Decade Ambassador Holomek criticizes Czech PM at Roma Holocaust memorial
As of yesterday, the building in which Roma victims of the Holocaust died during WWII is open for viewing at the site of the former internment camp for Roma at Hodonín u Kunštátu. Approximately 80 people attended mass at the site, where the Brno-based Museum of Roma Culture has opened an exhibition, followed by a memorial ceremony at the mass gravesite of the Roma victims. In his remarks, Karel Holomek of the Society of Roma in Moravia harshly criticized Czech PM Nečas over his choice of human rights advisor.
The Žalov site in Hodonín, where a recreation center was in operation until recently, was purchased by the Czech Education Ministry last year. The ministry wants to build an educational campus there where researchers and schools can study the Roma Holocaust. Šimon Mastný of the ministry said yesterday that the project is important for the ministry and that he hoped they were at the start of a four-year period during which support will be expressed for the project. However, he could not confirm whether money for the project would be guaranteed during this time of crisis. Mastný said the project was now being re-evaluated and that it might be implemented in a scaled-down version, with the ministry planning the financing to stretch over a longer period of time.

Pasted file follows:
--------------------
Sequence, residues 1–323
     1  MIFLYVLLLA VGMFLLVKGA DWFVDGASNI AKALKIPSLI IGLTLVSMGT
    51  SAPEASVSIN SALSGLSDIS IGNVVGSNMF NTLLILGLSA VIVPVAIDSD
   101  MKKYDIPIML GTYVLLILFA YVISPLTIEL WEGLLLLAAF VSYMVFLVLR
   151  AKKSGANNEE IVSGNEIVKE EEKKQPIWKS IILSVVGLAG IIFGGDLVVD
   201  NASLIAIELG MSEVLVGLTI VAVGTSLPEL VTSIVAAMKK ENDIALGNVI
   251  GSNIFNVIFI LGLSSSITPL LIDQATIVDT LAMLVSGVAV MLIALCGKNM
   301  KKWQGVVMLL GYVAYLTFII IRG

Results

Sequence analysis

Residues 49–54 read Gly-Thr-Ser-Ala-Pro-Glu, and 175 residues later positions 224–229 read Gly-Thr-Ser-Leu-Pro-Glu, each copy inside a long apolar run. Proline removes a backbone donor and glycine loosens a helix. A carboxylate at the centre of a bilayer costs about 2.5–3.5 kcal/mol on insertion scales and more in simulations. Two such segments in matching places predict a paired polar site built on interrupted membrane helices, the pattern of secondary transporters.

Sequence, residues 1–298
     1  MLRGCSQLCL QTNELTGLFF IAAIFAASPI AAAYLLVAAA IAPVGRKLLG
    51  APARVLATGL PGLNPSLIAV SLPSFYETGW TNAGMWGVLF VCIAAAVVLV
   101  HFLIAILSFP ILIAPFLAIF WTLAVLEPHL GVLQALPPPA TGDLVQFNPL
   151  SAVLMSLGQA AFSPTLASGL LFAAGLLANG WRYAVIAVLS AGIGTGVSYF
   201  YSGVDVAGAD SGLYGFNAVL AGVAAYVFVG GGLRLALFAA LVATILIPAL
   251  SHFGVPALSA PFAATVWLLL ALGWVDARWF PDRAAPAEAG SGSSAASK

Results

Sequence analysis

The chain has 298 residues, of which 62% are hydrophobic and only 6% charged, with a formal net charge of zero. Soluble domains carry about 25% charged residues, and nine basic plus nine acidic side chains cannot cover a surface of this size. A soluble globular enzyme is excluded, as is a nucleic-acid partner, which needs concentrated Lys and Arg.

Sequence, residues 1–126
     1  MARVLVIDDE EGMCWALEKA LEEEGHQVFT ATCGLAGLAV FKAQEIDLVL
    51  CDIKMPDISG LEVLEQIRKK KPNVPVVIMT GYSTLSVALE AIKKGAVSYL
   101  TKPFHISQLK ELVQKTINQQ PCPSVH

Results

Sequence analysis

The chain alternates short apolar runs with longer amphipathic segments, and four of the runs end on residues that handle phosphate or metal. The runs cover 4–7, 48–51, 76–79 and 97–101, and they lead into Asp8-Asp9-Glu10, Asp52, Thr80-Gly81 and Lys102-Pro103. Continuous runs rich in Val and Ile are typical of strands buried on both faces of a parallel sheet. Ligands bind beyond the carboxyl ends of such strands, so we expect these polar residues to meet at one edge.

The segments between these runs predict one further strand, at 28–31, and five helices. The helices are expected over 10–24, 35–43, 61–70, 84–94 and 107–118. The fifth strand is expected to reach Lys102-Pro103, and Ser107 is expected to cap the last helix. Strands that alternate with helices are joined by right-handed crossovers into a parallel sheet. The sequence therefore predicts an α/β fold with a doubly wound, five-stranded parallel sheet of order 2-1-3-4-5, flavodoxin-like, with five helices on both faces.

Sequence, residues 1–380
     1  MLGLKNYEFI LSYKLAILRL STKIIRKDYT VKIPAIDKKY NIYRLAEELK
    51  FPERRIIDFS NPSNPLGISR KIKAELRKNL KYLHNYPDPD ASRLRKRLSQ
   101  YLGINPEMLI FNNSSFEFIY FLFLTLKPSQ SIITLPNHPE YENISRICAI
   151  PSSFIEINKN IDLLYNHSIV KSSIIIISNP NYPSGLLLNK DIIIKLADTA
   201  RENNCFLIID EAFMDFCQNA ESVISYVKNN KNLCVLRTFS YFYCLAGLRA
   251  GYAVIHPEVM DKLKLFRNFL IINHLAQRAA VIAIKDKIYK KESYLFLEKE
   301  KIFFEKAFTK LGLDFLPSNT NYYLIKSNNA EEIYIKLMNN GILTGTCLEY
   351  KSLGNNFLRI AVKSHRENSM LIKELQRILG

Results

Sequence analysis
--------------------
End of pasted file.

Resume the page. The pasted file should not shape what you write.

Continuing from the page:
Even though it is in a desolate state today, the newly-accessible original camp building will remain intact during the construction of the center. "This is the only building connected to the Roma Holocaust remaining on Czech territory,” emphasized Jana Horváthová, director of the Museum of Roma Culture. Horváthová also discussed the significance of the building’s surroundings, including the landscaping and patios on which the other six prison buildings of the Roma internment camp once stood. "We do not know whether anything like this is still extant anywhere else in Europe,” she said.
Horváthová told the press that even today, very few people are aware of the Roma Holocaust. Nazi policies targeting Roma, considered by many to have been genocidal, were survived by only one-tenth of the original 6 000 Czech and Moravian Roma. The majority of today’s Roma population in the Czech Republic is comprised of Roma of Slovak origin, Horváthová emphasized.
Deputy Ombudsman Jitka Seitlová, personalities from the Jewish community, regional politicians, and representatives of the government and the Czech Education Ministry paid their respects to the memory of the victims of war in Hodonín yesterday. Pavel Fried, chair of the Jewish Community in Brno, spoke at the memorial service by the mass grave of how Jews and Roma share a painful past. "We share the pain, the injustice, and the arbitrary treatment that continues to this day. I also share the sense of a certain exclusion from society,” he said.
Karel Holomek of the Society of Roma in Moravia, who is the Ambassador for the Czech Presidency of the Decade of Roma Inclusion, spoke critically of Czech PM Petr Nečas (ODS). In Holomek’s view, any supposedly pro-Roma statements or gestures by the PM cannot be believed in light of his having chosen Roman Joch, head of the Civic Institute, to be his human rights advisor. Holomek quoted statements allegedly made by Joch which he understood to be anti-Roma. He has also signed a petition against Joch’s appointment.
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